We all know nurses are resilient and can handle anything (except for maybe bed bugs). As clinicians, we’re often used to brushing aside our own needs in order to take care of others. But as we enter a particularly difficult period during the growing global coronavirus pandemic, you may find that you feel more exhausted, stressed, or anxious than usual. Our already understaffed hospitals are facing the likelihood of not enough beds, not enough equipment, and not enough nurses and doctors. It’s normal to be concerned.
And it’s more important than ever for you to take care of yourself – physically and emotionally. Here are some tips from one nurse to another for how to handle the stress of COVID-19.
1. Start with the basics: food, water, and sleep.
You’re a medical professional, so this may sound really obvious but it’s incredibly important to not neglect your body’s most basic needs. When you’re feeling stressed or unwell, stop and ask yourself: when was the last time I had water? Have I eaten recently? Do I need to rest?
Movement is also important. Light exercise like walking will help you get out of your head, and get your heart pumping. According to a Harvard study, people “who walked at least 20 minutes a day, at least 5 days a week, had 43% fewer sick days than those who exercised once a week or less. And if they did get sick, it was for a shorter duration, and their symptoms were milder.”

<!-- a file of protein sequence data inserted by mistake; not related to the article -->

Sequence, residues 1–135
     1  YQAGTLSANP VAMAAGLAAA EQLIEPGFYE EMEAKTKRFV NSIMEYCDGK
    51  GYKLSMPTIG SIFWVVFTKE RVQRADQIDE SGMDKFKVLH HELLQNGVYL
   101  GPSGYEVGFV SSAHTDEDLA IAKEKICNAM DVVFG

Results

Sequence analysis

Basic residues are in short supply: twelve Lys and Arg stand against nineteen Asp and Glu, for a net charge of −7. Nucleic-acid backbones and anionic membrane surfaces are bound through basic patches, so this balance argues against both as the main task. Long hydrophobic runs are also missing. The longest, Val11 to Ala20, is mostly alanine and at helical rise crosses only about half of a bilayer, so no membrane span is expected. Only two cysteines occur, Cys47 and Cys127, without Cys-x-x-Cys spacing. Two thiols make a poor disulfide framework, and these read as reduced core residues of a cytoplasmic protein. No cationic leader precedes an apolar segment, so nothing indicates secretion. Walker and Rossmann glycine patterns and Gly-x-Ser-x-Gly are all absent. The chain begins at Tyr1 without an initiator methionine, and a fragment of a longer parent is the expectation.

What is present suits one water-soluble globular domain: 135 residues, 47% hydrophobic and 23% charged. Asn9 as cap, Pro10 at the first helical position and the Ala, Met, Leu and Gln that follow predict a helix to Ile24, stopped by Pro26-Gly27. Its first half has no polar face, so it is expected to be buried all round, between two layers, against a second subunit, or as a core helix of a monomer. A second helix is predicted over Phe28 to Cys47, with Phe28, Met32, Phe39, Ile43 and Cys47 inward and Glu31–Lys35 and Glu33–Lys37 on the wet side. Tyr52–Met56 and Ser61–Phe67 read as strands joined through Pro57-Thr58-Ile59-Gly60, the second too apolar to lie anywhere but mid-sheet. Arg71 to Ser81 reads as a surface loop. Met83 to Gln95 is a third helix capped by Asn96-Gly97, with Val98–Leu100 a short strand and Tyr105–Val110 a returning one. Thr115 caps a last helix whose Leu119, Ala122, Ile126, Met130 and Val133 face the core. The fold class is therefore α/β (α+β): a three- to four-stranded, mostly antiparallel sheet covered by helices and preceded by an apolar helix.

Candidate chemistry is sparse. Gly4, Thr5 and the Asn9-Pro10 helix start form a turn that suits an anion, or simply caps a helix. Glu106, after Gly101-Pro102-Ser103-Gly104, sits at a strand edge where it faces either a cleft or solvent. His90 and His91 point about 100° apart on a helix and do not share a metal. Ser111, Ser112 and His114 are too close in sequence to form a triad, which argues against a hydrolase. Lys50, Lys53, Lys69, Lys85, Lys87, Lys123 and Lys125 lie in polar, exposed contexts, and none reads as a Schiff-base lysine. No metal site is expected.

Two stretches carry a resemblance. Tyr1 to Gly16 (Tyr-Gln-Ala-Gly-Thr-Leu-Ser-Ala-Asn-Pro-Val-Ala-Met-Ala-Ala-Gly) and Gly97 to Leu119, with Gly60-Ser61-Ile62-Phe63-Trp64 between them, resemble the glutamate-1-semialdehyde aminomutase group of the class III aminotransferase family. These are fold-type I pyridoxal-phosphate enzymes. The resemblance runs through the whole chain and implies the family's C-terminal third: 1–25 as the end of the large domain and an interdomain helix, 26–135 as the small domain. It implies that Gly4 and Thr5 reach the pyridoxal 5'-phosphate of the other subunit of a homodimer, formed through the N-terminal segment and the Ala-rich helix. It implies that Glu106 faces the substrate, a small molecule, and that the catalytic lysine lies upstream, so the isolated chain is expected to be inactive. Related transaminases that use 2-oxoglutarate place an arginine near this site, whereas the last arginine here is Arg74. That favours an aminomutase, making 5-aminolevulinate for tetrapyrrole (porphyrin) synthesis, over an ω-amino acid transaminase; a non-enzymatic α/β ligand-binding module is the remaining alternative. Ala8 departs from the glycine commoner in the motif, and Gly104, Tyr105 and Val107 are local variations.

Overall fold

2. Connect with your loved ones.
Social distancing doesn’t mean disconnecting. There are a lot of ways to stay connected to your loved ones even when you can’t be physically present. The longer this lasts, the more isolated you’re likely to feel. Make a plan for how you’ll stay connected to your friends and family. We’re seeing everything from online dance parties to digital game nights and more.
3. Limit your exposure to the news.
This doesn’t mean ignore the news – it’s important to be informed. But check the source, and limit how much time you spend reading the news or on social media if it’s causing you stress. You might download one of the apps that limits your time online, or delete apps from your phone entirely. Pay attention to how you feel during and after spending time online.
4. Find uplifting moments.
All around Europe, people are singing and clapping for their healthcare heroes. Spring is here and the flowers are blooming. People are finding ways to show their loved ones they care when they can’t be together in person. Even in times of crisis or chaos, the beautiful parts of life are still happening all around you. What lifts you up? Your loved ones, time in nature, music? For every minute less you spend on social media, you get one minute more to do something you love. Prioritize what makes you feel good.
5. Remember your strength.
You’re a nurse, so you’ve been through adversity before. You passed nursing school and the NCLEX. You can do anything. When facing something difficult, it helps to reflect on a time you’ve dealt with something difficult in your past so you can remember just how resilient you are. What did you learn from that experience, and how can you apply it now?
Thank you for the work that you do. It’s important, and we’re grateful for you. If there’s anything we can do to help, get in touch.